On Saturday, for just one day, the rooftop of Gawker Media was open to the public to display "Mom and Popism," a collaboration between Gawker Artists and the storefront photography of Jim and Karla Murray. The duo's photos were blown up to near life-size, mounted on fronts, then enhanced with graffiti art, creating a kind of revised virtual New York.
But the full emotional experience of Mom & Popism begins on the street level. The building is located on Elizabeth, one of the most jarringly gentrified streets in town. Where I used to eat hot bread straight from LaRosa's, where old Italian ladies used to sit on the sidewalk to peel potatoes, there are now high-end shops, multi-million dollar homes, and European investo-tourists. The only mom and pop left here is Albanese Meats, still open for business.
At 210 Elizabeth, you walk up the stairs and through the Gawker offices, a vast and airy loft with curved brick ceilings and polished wood surfaces on which dozens of flat-screen monitors sit waiting for the day's new-media broadcast. Up on the roof, a DJ is banging out the beats.
Surrounding the seating is the virtual city. Not life-size, more like clubhouse-size, this shrunken city speaks to your child self, for whom a miniature house is just right. In this way, the storefronts tantalize. Their doors seem like they might open to another, more intensely Technicolored world.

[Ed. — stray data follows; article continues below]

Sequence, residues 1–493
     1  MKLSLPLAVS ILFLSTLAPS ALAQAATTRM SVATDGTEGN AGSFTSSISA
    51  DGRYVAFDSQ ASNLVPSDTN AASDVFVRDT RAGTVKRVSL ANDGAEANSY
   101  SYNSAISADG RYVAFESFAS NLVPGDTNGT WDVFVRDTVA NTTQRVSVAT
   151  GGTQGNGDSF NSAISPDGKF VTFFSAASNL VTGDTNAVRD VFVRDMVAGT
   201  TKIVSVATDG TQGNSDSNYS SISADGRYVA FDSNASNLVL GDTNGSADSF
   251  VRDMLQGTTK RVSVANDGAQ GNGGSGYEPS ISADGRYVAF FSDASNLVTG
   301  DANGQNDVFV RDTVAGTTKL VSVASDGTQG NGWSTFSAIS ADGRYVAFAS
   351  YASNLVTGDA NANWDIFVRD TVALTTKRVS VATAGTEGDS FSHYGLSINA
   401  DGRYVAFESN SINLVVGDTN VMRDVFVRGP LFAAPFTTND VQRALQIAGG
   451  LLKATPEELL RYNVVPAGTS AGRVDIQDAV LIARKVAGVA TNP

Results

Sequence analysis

You want to step through the entrance of the Stage deli and order a greasy breakfast in this alt-NYC. The counterman is there, just as he always is, wiping down the counter. At Esposito's Meat Shop, you want to inhale the smell of cured pork.
But you can't. This isn't real. The graffiti art splashed across the storefront's faces, often intermingling three-dimensionally with the signage, tells you that you're not looking at reality. This is the hyperreal. These are simulacra.
In the future, when the entire city as we've known it has vanished, when all the mom-and-pops are gone, what will remain are photographs. We rely on them now, to remember and rebuild the lost city in our minds.
Maybe, someday, the re-construction of virtual neighborhoods will become a ritual. Artists and other nostalgists will erect wooden fronts and paper them with giant photographs (thank goodness for Jim and Karla's exhaustive work). Old ladies will unfold beach chairs, sit down, and peel potatoes. The butcher will stand at the door of his shop, wiping the blood from his hands.
Someday, we won't have the real city. But we will have this.
See all my photos of Mom & Popism here